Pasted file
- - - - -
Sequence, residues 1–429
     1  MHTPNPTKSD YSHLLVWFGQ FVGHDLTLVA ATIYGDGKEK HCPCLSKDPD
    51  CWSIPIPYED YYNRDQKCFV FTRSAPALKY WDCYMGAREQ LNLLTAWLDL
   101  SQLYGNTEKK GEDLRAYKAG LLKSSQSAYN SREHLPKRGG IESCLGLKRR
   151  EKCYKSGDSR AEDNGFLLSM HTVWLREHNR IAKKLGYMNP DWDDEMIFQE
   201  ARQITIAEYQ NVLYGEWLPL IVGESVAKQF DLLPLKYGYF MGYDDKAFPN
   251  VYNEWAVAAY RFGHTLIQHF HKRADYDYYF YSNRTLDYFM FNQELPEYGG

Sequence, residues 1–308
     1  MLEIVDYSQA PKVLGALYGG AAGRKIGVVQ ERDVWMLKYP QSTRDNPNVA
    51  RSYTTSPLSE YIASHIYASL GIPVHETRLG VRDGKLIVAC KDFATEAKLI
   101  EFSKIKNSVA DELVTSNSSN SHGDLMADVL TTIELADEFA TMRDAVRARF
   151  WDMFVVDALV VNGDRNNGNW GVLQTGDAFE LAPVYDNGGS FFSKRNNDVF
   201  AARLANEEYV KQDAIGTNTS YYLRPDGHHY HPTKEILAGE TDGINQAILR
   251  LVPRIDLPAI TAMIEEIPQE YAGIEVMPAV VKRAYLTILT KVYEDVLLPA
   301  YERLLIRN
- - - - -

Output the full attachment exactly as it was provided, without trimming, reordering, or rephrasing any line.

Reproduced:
Sequence, residues 1–429
     1  MHTPNPTKSD YSHLLVWFGQ FVGHDLTLVA ATIYGDGKEK HCPCLSKDPD
    51  CWSIPIPYED YYNRDQKCFV FTRSAPALKY WDCYMGAREQ LNLLTAWLDL
   101  SQLYGNTEKK GEDLRAYKAG LLKSSQSAYN SREHLPKRGG IESCLGLKRR
   151  EKCYKSGDSR AEDNGFLLSM HTVWLREHNR IAKKLGYMNP DWDDEMIFQE
   201  ARQITIAEYQ NVLYGEWLPL IVGESVAKQF DLLPLKYGYF MGYDDKAFPN
   251  VYNEWAVAAY RFGHTLIQHF HKRADYDYYF YSNRTLDYFM FNQELPEYGG

Sequence, residues 1–308
     1  MLEIVDYSQA PKVLGALYGG AAGRKIGVVQ ERDVWMLKYP QSTRDNPNVA
    51  RSYTTSPLSE YIASHIYASL GIPVHETRLG VRDGKLIVAC KDFATEAKLI
   101  EFSKIKNSVA DELVTSNSSN SHGDLMADVL TTIELADEFA TMRDAVRARF
   151  WDMFVVDALV VNGDRNNGNW GVLQTGDAFE LAPVYDNGGS FFSKRNNDVF
   201  AARLANEEYV KQDAIGTNTS YYLRPDGHHY HPTKEILAGE TDGINQAILR
   251  LVPRIDLPAI TAMIEEIPQE YAGIEVMPAV VKRAYLTILT KVYEDVLLPA
   301  YERLLIRN